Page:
Dick Butkus (attended 1962-1964) is a Hall of Fame NFL linebacker.

    Jerry Colangelo (1962) is chairman of the NBA’s Phoenix Suns.

    Jon Corzine (A.B. 1969) is the governor of New Jersey and former chairman and CEO of Goldman Sachs.

    Steve Dorner (1983) and Jawed Karim (2004) are co-founders of YouTube.

    Roger Ebert (1964) is a Pulitzer Prize-winning film critic.

    Red Grange was a legendary football running back, elected to both the College and Pro Football Hall of Fame.

    George Halas was the longtime coach of the NFL’s Chicago Bears.

    Hugh Hefner (1949) is the founder of Playboy magazine.

    Jesse Jackson (attended) is a noted civil rights leader and former Democratic presidential candidate.

    Gene Shalit (1949) is a film critic for NBC’s The Today Show.

    The University of Illinois’ Division I programs have produced several superstar athletes, including football greats Red Grange and Dick Butkus. Several of its teams are in contention every year.

    As a member of the Big Ten, the University of Illinois is home to a number of highly competitive and respected athletic programs. Although the basketball and football teams receive the most attention, the tennis team is one of the highest-ranked in the nation, and our wrestling team is slowly moving up the national ranks as well. Sporting events are extremely popular at the university, and tickets (especially for basketball games) are hard to come by.

    In 2005, students got to see their Fighting Illini men’s basketball team win the Big Ten title and go all the way to the national championship game in 2005, where they lost to UNC. While students may enjoy cheering on their Fighting Illini, many are often playing sports of their own. As one of the largest public universities in the country, Illinois has an extensive collection of club teams and intramural leagues.

    Eleanor Roosevelt cut the cake at the dedication of the Illini Union.

    A 1976 Elvis Presley concert drew the largest crowd ever to gather at Assembly Hall.

    Approximately 50 percent of U of I students live on campus, and the school operates more than 35 residence halls and apartment buildings. There are dorms to fit the personalities of most students, from the bookworm to the party animal.

    When most high school graduates imagine going to college and living on their own, not many of them choose to acknowledge the fact that for the next year (or two), they will be crammed into a 12’ by 12’ room with all of their stuff and another person. While this is the case for many freshmen on campus, the dorms are really not as bad as one might think. Although they sound small, there is usually more than enough room for everyone’s things. Each dorm room comes with a desk, bed, and closet for each resident. Additionally, it should be pointed out that not all dorm rooms come with air conditioning. Although this may sound like a minor consideration, having air conditioning for those few hot months on campus makes your stay in the dorms that much more comfortable. All of the rooms in ISR and FAR are air-conditioned, while PAR, Allen, and the dorms of the Six Pack only have air conditioning in the dining halls and the lounges.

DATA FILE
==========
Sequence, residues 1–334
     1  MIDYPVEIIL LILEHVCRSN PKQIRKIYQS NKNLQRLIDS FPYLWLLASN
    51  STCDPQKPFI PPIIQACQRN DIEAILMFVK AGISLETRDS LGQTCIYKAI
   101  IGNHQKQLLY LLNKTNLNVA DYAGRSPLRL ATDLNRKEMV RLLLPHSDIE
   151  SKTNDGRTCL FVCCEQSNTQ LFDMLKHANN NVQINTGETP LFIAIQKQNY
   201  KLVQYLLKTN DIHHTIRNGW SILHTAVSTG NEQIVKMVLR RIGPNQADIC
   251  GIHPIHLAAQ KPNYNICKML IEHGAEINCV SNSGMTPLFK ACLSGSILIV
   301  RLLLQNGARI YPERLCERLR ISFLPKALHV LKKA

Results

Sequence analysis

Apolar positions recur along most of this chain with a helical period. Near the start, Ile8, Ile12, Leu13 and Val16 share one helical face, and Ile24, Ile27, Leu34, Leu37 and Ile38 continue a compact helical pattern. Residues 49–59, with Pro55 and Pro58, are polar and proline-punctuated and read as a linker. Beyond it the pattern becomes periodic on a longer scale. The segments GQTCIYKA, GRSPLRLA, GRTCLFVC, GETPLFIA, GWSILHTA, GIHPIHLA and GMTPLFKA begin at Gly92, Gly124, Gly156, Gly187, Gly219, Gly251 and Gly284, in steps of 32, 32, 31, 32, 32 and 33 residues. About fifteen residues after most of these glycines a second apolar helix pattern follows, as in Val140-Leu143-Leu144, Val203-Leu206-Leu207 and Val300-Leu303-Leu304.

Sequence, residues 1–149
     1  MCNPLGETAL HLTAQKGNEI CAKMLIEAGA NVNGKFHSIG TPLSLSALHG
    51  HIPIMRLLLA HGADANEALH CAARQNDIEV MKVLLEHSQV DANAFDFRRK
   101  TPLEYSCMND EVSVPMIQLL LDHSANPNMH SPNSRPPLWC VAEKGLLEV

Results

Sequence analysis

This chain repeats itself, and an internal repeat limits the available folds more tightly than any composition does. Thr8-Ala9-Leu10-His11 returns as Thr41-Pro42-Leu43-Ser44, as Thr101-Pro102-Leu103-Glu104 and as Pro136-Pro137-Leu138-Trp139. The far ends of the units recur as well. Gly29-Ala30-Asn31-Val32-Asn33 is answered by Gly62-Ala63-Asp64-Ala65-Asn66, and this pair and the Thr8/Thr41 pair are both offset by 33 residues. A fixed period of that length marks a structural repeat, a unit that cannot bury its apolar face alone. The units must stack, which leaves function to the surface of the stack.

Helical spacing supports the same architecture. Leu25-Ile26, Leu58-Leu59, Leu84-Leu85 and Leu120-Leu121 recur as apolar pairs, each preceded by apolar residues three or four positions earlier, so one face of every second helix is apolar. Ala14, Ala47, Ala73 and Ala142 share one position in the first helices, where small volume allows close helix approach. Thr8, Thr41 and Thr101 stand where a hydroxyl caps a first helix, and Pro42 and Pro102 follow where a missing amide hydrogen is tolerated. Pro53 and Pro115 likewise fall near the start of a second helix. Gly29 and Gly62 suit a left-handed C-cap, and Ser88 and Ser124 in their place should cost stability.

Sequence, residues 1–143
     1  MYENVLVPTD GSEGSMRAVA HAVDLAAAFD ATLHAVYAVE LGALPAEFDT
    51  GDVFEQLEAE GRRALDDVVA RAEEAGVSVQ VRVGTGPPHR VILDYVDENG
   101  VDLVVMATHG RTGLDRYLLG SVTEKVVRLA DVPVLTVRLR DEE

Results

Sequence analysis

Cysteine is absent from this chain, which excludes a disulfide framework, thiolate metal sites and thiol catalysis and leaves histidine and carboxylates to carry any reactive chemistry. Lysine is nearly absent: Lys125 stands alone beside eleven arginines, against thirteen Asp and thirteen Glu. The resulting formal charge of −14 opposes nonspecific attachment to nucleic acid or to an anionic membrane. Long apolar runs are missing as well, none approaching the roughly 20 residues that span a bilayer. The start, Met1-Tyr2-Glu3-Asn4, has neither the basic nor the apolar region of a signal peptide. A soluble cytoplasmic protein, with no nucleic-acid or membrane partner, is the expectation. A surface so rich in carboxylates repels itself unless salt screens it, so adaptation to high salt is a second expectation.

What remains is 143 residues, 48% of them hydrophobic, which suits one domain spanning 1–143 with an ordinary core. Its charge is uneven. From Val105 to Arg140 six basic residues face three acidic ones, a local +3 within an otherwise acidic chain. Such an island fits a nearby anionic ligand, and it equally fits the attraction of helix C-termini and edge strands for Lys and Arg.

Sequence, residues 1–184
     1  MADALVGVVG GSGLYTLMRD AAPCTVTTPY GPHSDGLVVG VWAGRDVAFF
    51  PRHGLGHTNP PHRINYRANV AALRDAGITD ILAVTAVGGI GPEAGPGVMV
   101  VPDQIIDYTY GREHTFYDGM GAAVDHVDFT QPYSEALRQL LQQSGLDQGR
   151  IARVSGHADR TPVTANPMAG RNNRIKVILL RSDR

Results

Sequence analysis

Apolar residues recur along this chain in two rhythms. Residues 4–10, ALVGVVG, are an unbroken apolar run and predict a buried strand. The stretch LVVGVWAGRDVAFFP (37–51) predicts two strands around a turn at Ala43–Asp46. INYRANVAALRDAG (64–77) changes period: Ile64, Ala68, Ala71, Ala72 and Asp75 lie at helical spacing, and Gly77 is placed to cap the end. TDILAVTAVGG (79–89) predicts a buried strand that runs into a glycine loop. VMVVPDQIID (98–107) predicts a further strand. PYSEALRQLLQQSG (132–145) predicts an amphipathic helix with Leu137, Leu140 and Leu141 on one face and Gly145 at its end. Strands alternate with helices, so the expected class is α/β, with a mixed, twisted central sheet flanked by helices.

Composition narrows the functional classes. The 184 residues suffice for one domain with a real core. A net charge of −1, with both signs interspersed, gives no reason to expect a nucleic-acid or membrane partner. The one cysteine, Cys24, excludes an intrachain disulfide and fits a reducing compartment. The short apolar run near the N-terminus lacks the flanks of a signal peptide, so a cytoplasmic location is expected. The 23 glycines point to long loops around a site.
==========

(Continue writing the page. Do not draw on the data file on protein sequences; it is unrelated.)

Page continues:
In terms of decibel and activity levels, ISR is usually considered to be the ‘nerdy’ dorm: it is typically the quietest dorm and is the best choice for those who want to get a lot of work done in their rooms. The tradeoff is that this dorm is often less social than some of the others. While people in ISR often leave their doors open and converse with hallmates, the volume level is relatively low and you’re unlikely to find much ‘partying’ going on within the dorm. If you’re the type of person who would prefer a louder, livelier atmosphere, then the ‘Six Pack’ (Garner, Forbes, Hopkins, Weston, Snyder, and Scott) or FAR/PAR would be the dorms for you. These are often considered the ‘social’ dorms because they contain more of the partygoing type. FAR/PAR are some of the largest dorms on campus, and they usually contain a lot of incoming freshmen, so it’s a great place to meet new people. The Six Pack is usually known as the home of the future frat guys and sorority girls. Needless to say, one can always find something to do in the Six Pack. However, it is important to remember that with this fun and excitement can also come with some noise and distractions, and it is not as easy to study in your room if you live in the Six Pack or FAR/PAR.

    Students often try to pick a dorm that is not only close to their classes, but also close to the bars, fitness centers, and the frats and sororities. ISR, the ‘engineering dorm,’ is near the engineering quad, the main quad, and a majority of the academic buildings on campus, and is also about five minutes from the major bars on Green St. and CRCE, the smaller of the two fitness buildings on campus. Owing to its prime location, many people choose to live in ISR for multiple years, so it can be difficult for new students to get a spot there. Students who have most of their classes at the southwest end of campus usually choose one of the dorms in the Six Pack. These dorms are further away from the main quad and the bars than ISR, but they are located right across the street from IMPE, the larger of the two fitness centers on campus, and are close to Memorial Stadium, Assembly Hall, and the intramural fields. There are also a number of frat houses just north of the ‘Six Pack.’ The last of the major dorms on campus are FAR/PAR. These dorms are on the extreme southeast end of campus, farther from the main quad and the bars. They are about a five- to ten-minute walk from CRCE, and about five minutes from the southeast set of intramural fields. There are also a number of sorority houses close to FAR/PAR. A fourth dorm to be considered is Allen Hall, which is known as the ‘artsy’ hall because of its proximity to the art building and concentration of art students who live there. Allen, like FAR/PAR, is about five minutes from CRCE, but is considerably closer to the main quad.